Our Divine Purpose:
We believe that God loves all people, and that love compels us to worship and to serve as Jesus did. We express this in the short form LOVE. WORSHIP. SERVE.
24 things (most Episcopalians believe (on good days)
Some Episcopalians will take issue with some or all of what follows. Most Episcopalians believe more or less than 24 things! So the list is not the last word!
Author: The Rev. Canon Ronald Osborne
- God is Creator – God is creative love, the Christ, the risen Jesus. God is life-giving Spirit. God is thus three “persons” of one “being”.
- “God is closer to us than we are to ourselves” –St. Julian of Norwich. God is also “wholly other,” beyond our knowing. We live in this paradox.
- God is manifested vividly, fully, compellingly, in Jesus of Nazareth, who lived, taught, healed, proclaimed a new commonwealth, was killed, and raised to life. He is God’s “Word” made flesh.
- Jesus remains among us to invite resurrection from the many forms of death around us and in us and to offer us the gift of life.
- Evil is real. We are capable of doing evil. In our baptism we renounce it. And God transforms evil into his own good and gives us the will and strength to transform it in ourselves and the world.
- Community with Jesus as the center, grounded in the life of God, enlivened by the Spirit, is a gift. The institutional church is a major way that community is accessible to us. So even as an institution the church is a sacred thing. But God is not captive to the fallibilities of the church!
- Christian community becomes what it is in sacramental acts, specific, tangible, material things in which the mystery of God’s love is made known to us, especially in Baptism and the Lord’s supper or Eucharist or Mass. Those “religious” sacraments help us to see everything sacramental; the whole world discloses the generosity of God, the whole world is a sacrament of grace.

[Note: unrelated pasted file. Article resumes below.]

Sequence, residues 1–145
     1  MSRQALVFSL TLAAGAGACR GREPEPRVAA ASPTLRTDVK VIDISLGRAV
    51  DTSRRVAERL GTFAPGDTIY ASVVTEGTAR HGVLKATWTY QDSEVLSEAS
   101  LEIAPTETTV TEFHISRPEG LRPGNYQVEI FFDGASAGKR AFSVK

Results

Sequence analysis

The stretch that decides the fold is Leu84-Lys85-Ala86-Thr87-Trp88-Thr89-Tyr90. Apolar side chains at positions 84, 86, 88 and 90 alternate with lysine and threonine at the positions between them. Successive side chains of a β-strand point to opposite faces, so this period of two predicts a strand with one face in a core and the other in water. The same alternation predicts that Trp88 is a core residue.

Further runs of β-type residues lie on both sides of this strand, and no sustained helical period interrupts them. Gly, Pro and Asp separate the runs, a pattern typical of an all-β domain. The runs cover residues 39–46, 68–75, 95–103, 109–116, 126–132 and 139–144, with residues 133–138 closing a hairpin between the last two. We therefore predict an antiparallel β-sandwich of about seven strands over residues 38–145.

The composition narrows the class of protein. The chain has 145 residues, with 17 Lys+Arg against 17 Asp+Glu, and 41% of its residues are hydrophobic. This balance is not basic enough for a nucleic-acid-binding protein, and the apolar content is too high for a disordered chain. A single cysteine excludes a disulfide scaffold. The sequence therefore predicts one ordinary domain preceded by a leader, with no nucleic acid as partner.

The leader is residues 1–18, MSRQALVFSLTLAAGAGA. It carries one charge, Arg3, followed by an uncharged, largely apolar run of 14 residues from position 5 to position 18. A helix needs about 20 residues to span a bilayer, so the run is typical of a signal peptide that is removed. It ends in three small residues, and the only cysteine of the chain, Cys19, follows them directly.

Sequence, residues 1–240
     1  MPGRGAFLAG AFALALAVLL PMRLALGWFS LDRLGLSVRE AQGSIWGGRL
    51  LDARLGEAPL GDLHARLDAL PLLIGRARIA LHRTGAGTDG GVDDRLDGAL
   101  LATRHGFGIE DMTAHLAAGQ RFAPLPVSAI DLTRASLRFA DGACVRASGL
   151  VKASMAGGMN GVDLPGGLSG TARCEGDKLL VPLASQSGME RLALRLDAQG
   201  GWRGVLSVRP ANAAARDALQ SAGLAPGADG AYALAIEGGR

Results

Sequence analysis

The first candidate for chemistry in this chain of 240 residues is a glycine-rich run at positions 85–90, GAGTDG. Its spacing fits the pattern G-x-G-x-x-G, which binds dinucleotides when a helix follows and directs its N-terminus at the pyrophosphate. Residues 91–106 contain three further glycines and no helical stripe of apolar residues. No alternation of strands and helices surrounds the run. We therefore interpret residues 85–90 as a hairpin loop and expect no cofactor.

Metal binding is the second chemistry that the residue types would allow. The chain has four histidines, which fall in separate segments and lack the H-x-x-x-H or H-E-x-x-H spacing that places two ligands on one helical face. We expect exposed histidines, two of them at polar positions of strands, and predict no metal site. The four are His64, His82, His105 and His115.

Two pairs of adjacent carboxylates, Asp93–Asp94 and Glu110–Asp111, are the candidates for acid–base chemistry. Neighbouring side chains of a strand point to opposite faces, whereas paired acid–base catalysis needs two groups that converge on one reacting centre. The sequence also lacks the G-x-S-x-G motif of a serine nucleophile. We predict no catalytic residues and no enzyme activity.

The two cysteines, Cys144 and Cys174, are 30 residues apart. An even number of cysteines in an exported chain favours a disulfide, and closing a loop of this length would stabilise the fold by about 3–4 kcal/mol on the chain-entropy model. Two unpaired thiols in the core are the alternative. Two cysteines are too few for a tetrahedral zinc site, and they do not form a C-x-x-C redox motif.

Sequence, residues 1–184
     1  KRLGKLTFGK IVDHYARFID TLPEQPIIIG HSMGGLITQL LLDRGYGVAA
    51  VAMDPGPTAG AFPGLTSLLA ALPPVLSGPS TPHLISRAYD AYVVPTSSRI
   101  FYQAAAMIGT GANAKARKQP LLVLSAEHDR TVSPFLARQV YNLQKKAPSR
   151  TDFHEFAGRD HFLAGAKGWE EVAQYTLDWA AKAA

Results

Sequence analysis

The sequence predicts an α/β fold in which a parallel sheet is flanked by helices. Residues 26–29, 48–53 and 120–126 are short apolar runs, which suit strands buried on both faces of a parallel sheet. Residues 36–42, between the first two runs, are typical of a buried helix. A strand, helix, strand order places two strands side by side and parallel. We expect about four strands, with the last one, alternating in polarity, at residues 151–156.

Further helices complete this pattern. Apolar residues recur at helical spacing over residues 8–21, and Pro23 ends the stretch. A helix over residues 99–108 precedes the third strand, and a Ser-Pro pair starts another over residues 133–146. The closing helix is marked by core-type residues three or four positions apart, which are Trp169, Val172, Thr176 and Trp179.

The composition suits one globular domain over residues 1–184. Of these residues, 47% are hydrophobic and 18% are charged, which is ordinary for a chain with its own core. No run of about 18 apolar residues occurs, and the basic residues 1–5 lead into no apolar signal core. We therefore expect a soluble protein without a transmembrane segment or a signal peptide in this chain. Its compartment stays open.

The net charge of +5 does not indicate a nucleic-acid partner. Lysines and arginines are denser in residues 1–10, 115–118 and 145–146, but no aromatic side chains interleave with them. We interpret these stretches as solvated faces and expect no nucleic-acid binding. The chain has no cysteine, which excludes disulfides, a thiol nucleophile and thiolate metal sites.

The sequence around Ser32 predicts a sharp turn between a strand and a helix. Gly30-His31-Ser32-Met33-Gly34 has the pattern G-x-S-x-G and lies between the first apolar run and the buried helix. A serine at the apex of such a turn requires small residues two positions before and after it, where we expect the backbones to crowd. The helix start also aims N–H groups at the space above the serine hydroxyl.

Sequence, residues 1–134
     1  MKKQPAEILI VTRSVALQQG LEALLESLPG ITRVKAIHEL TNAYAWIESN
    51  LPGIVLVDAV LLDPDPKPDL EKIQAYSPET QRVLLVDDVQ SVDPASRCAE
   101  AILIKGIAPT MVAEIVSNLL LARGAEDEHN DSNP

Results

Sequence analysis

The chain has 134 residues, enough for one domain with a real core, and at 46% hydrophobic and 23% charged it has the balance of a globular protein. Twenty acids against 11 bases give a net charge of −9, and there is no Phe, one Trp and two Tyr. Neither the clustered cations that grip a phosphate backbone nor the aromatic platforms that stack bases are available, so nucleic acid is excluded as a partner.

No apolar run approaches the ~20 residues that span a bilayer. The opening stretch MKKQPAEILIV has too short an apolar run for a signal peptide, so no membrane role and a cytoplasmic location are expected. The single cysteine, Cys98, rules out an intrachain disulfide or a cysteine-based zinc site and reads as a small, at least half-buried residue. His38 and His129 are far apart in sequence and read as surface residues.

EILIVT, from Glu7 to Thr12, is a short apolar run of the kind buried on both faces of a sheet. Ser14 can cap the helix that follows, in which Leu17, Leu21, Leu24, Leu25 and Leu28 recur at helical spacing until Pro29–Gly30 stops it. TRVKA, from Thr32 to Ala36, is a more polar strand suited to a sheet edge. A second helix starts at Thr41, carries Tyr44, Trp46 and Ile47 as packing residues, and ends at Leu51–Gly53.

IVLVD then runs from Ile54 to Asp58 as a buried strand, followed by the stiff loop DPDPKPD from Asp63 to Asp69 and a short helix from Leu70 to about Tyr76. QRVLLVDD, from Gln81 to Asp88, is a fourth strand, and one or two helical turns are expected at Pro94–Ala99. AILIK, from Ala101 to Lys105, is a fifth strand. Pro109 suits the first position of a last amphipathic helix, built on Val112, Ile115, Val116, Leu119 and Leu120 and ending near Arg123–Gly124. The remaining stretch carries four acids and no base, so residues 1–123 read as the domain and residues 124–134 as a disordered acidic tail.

- The worship of the community involves everyone and is the offering of the special gifts of each.
- Christian community does not exist for itself, but to invite the transformation of the world. The community becomes what it is not only in “sacramental acts” but in reaching out with Christ’s love, justice and mercy to heal and free. Christian community works best when it is self-monitoring. Our leaders engage in an annual process of self-examination. Our leadership is trained to identify and prevent the spread of such institutional evils as racism and child abuse.
- Uniformity of beliefs and disciplines is stifling. Our differences disclose the variety of gifts the Spirit gives. We will have different perceptions about what friendship with God requires of us. So we don’t tell each other what to do or make judgments about each other. We do try to be supportive of each other. We try to be “a church in which there are no outcasts” as our former Presiding Bishop puts it. We struggle hard to overcome those fears which keep us from being fully inclusive. God is not through with us yet. So we strive to be a community in which we have “in all things essential, unity; in all things non-essential, diversity; in all things, charity.”
- The full participation of women in all aspects of the church and the honoring of their gifts is something the Spirit requires of us. There is no place in the church which is not women’s place. As women’s full participation in the community and special gifts are respected we discover that God is not only our Father but our Mother.
- Abortion is an agonizingly complex question. We are both pro-life and pro-choice. Those seemingly contradictory positions seem to us to be consistent and reasonable. We are pro-life because a fetus is potential human life in a unique way and requires respect and reverence. On the other hand the life and health of a woman is of considerable moral meaning. When those claims for life conflict, women and their husbands and families and physicians are the best people to make moral judgments. The state needs to respect the moral agency of these people. And the Church needs to emphasize the sacred and fragile nature of God’s gift of life. We struggle with this issue.
- Sexual orientation and gender identity are also complex issues. Jesus was silent on these matters; we do not prescribe for others their behavior. The Episcopal Church continues to ordain people — both men and women — in committed, same-sex relationships as deacons, priests, and bishops.